Interdisciplinary seminar in water resources science. prereq: Graduate student
BIOL 4761 - Ichthyology
Credits: 3.0 [max 3.0]
Grading Basis: A-F or Aud
Typically offered: Periodic Fall & Spring
Physiologic, taxonomic, ecologic, economic, and behavioral aspects of fishes. Lab emphasis on fishes of Great Lakes region, including field conducted independent study. (2 hrs lect, 3 hrs lab, field) prereq: 2801 or IBS Grad student
BIOL 5201 - Leverage bioinformatic tools to manage big data and answer primary biology questions
Credits: 3.0 [max 3.0]
Grading Basis: A-F or Aud
Typically offered: Periodic Fall & Spring
Biology has moved into a new era of big data, especially in the field of genomics. This course will introduce basic principles of bioinformatics and how to apply bioinformatic tools to process large genomic datasets. This course will emphasize how to evaluate currently available software, implement software, build pipelines for analysis, interpret outputs, apply statistics and finally produce publication appropriate figures. pre-req: BIOL 2201 or grad student
BIOL 5801 - Microbial Ecology
Credits: 2.0 [max 2.0]
Grading Basis: A-F or Aud
Typically offered: Periodic Spring
Microorganisms in natural environments: diversity, distribution, energetics, and growth of heterotrophic and autotrophic microbes in oxic and anoxic habitats. Roles of microbial populations and communities in biogeochemical cycling, ecosystem functioning, landscapes, and industrial, agricultural, and environmental applications. prereq: (2101 or 3100) and (2801 or 3502 or 4501), or WRS or IBS Grad student
BIOL 5805 - Fisheries Ecology and Management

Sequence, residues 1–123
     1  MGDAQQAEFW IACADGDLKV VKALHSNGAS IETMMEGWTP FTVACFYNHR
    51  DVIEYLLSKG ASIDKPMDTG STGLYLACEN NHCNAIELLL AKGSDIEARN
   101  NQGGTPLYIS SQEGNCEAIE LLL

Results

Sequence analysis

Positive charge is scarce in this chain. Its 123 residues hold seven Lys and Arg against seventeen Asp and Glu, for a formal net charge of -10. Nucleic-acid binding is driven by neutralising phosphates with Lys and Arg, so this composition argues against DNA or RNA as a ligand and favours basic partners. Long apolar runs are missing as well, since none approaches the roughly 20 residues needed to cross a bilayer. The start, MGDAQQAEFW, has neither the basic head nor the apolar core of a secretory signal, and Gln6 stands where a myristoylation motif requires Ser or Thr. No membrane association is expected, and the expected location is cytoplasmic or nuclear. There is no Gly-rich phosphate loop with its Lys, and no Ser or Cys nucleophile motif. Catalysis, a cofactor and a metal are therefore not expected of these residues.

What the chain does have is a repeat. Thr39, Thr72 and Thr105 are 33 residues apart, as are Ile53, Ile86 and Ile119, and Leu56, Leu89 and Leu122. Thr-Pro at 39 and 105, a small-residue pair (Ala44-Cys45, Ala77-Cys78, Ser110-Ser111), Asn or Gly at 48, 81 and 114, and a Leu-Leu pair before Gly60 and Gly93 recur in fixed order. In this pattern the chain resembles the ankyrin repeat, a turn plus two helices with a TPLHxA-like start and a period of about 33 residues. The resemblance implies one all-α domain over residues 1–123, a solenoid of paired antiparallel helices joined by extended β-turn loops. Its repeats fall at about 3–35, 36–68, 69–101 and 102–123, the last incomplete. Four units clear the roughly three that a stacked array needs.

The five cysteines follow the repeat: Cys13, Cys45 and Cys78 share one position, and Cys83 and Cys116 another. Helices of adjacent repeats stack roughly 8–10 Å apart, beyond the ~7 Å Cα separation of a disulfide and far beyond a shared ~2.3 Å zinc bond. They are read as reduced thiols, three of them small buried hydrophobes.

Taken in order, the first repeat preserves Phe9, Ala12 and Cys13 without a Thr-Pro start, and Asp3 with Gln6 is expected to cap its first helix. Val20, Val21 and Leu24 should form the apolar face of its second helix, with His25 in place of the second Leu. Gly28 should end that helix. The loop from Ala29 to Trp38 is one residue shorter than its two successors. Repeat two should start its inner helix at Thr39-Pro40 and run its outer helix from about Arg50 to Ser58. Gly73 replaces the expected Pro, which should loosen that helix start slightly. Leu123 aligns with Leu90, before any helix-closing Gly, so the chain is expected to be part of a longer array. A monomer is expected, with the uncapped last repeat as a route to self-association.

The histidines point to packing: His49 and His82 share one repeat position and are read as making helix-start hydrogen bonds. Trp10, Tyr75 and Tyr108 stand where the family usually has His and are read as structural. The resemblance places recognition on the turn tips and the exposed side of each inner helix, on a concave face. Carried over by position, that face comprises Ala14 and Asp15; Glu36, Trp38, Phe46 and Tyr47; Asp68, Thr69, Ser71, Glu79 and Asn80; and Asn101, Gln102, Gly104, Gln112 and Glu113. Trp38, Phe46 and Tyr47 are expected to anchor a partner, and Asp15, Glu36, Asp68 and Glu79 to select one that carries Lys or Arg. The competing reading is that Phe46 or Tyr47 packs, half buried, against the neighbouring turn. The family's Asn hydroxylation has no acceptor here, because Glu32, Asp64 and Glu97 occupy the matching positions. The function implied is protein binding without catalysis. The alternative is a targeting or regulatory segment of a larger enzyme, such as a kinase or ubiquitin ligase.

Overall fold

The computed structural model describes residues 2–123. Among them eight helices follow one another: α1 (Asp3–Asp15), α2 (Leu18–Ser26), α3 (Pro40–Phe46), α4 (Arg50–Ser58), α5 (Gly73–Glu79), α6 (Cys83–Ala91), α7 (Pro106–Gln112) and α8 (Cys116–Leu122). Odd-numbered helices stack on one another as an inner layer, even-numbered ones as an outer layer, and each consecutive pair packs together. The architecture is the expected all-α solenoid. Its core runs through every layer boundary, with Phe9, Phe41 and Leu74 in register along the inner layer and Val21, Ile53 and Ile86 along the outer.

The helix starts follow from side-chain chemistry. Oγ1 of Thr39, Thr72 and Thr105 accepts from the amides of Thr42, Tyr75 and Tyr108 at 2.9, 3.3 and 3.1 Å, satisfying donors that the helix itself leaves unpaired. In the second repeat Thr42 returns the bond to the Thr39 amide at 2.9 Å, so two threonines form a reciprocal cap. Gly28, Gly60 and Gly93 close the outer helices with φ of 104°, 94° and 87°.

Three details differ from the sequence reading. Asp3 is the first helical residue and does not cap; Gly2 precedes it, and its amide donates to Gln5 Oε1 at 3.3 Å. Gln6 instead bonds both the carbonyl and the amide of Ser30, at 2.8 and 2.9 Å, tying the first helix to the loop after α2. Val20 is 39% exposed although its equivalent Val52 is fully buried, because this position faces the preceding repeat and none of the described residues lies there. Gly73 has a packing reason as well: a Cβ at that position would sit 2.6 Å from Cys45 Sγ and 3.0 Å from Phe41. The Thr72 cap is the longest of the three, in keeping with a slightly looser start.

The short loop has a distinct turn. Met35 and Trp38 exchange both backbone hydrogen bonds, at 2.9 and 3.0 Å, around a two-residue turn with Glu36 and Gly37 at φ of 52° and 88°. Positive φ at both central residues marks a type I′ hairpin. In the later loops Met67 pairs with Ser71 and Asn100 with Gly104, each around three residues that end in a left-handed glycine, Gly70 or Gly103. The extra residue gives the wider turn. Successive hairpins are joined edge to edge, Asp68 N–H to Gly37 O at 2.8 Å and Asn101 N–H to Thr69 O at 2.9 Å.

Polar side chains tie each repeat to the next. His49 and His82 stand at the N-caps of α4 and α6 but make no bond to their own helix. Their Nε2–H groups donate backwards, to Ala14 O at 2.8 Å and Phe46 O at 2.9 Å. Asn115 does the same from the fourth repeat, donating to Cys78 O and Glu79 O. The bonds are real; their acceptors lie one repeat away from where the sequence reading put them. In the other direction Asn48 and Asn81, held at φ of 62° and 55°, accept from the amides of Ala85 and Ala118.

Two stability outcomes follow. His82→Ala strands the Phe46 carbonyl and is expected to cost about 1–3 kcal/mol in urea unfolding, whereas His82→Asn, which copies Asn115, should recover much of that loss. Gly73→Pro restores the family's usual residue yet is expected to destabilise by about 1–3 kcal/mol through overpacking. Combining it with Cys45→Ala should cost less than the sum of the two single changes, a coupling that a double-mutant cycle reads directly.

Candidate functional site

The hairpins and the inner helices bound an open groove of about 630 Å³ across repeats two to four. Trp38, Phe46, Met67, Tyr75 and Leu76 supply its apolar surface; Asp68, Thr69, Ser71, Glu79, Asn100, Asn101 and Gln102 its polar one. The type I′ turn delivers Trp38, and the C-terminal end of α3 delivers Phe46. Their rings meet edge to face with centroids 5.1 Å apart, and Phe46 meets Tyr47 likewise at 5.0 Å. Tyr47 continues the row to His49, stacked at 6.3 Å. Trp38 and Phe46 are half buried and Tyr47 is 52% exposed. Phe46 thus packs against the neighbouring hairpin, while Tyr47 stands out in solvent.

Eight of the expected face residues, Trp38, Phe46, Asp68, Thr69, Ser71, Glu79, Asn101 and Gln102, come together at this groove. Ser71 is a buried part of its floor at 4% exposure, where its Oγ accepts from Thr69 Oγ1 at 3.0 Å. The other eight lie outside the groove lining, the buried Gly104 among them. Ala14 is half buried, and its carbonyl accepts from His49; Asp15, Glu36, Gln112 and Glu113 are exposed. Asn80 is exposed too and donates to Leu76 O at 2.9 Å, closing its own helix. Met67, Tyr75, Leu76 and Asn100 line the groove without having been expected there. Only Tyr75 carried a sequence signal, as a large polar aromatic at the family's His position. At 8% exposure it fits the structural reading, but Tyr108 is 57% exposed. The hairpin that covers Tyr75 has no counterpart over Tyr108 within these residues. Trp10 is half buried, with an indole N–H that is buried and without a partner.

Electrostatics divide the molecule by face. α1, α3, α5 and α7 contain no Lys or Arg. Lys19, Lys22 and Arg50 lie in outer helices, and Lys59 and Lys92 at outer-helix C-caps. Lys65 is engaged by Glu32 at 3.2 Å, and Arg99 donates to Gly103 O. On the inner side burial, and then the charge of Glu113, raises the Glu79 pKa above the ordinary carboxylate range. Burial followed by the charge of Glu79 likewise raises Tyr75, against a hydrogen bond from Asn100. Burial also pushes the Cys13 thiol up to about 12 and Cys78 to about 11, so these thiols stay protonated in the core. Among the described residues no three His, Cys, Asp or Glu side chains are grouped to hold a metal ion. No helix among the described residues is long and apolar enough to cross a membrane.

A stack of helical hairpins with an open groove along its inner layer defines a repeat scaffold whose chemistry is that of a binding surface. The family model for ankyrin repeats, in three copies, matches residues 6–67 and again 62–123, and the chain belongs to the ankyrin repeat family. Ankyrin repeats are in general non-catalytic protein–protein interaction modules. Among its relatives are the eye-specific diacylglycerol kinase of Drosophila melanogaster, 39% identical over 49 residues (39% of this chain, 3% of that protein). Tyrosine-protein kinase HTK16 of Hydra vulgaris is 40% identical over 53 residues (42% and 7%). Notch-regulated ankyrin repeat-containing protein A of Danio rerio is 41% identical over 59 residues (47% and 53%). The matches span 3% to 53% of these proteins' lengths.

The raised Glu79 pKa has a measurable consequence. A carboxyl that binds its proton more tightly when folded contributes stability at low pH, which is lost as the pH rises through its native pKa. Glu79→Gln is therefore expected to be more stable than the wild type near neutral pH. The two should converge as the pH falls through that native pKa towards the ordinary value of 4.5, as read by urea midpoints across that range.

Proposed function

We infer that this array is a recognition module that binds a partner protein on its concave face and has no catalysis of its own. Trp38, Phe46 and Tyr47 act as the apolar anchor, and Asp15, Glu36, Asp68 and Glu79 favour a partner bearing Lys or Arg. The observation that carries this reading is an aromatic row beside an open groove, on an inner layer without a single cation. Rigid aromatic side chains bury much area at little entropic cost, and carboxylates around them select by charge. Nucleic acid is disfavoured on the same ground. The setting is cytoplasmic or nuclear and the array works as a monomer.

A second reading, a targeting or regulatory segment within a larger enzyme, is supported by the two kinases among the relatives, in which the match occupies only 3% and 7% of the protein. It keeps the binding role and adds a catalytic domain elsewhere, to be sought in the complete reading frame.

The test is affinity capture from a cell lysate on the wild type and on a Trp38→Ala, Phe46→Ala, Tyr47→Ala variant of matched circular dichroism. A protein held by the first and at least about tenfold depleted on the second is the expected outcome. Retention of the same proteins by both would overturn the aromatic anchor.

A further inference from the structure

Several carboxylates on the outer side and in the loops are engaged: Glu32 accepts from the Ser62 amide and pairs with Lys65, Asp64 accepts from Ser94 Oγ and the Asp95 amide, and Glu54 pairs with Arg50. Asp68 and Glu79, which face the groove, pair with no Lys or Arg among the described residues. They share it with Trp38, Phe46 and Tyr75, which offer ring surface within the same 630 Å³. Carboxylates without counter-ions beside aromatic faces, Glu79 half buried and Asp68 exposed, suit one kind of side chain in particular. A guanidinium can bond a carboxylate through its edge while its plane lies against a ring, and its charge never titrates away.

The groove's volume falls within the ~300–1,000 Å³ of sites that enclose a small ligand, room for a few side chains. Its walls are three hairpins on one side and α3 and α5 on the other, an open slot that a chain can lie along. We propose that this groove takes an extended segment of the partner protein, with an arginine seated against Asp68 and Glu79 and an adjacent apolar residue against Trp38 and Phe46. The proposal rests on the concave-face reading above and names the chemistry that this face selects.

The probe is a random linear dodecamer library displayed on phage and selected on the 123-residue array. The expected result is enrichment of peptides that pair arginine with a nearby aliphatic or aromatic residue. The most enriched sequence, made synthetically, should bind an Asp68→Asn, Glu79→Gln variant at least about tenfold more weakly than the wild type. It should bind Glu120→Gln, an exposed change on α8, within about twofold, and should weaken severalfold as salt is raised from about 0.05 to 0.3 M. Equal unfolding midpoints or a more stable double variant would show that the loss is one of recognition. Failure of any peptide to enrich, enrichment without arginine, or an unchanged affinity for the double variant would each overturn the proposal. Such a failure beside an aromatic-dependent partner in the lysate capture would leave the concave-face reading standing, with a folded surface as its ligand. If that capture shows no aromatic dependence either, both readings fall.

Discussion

Credits: 3.0 [max 3.0]
Grading Basis: A-F or Aud
Typically offered: Periodic Fall & Spring
Lectures, readings and computer exercises relating to current issues in fisheries ecology. Computer exercises will emphasize techniques used by scientists working in the field and prepare the student for the use of quantitative research tools for independent research. Includes 2 one-hour lectures and 1 three-hour lab weekly. prereq: 2801, 2802, college-level course in statistics or WRS or IBS Grad student
BIOL 5808 - Landscape Ecology: Theory and Application
Credits: 3.0 [max 3.0]
Grading Basis: A-F or Aud
Typically offered: Periodic Fall
Key issues in landscape ecology including scale, measuring landscape patterns, mechanisms shaping landscapes, implications of landscape patterns on plant and animal populations, communities, and ecosystems, and implementing landscape principles for natural resource management. prereq: 2801, 2802 or WRS or IBS Grad student
BIOL 5809 - Ecological Statistics
Credits: 3.0 [max 3.0]
Grading Basis: A-F only
Typically offered: Every Spring
Directed toward graduate students with previous introductory statistical experience, this class covers common statistical methods used in ecology. The class includes classroom and computer lab components (using the R statistical computing environment) and provides students with the practical experience necessary to make decisions regarding the treatment and analysis of data, interpretation of statistical analyses and the presentation of study results. This course has one 2-hour lecture and one 2-hour laboratory per week. pre-req: IBS or WRS grad student or instructor consent
BIOL 5833 - Stream Ecology
Credits: 3.0 [max 3.0]
Grading Basis: A-F or Aud
Typically offered: Fall Even Year
Studies of stream communities and ecosystems as influenced by biological interactions and physical factors. Emphasis on North Shore streams. (2 hrs lect, 6 hrs lab and field) prereq: 2801 or WRS or IBS Grad student
BIOL 5861 - Lake Ecology
Credits: 3.0 [max 3.0]
Grading Basis: A-F or Aud
Typically offered: Every Spring
This course offers a hands-on introduction to the ecology of lake ecosystems with a focus on lakes of the temperate and boreal regions, particularly Minnesota. We explore how factors including temperature, light, water chemistry, water motion, nutrients, and organisms interact in aquatic environments to determine the distribution, abundance, and behavior of aquatic biota. Laboratory exercises reinforce and expand on lecture materials and include the identification of fish, zooplankton, benthos, and phytoplankton as well as field excursions to area lakes. prereq: WRS or IBS Grad student
BIOL 5863 - Ecosystems Ecology
Credits: 3.0 [max 3.0]
Course Equivalencies: BIOL 5863/EES 5863
Grading Basis: A-F or Aud
Typically offered: Every Spring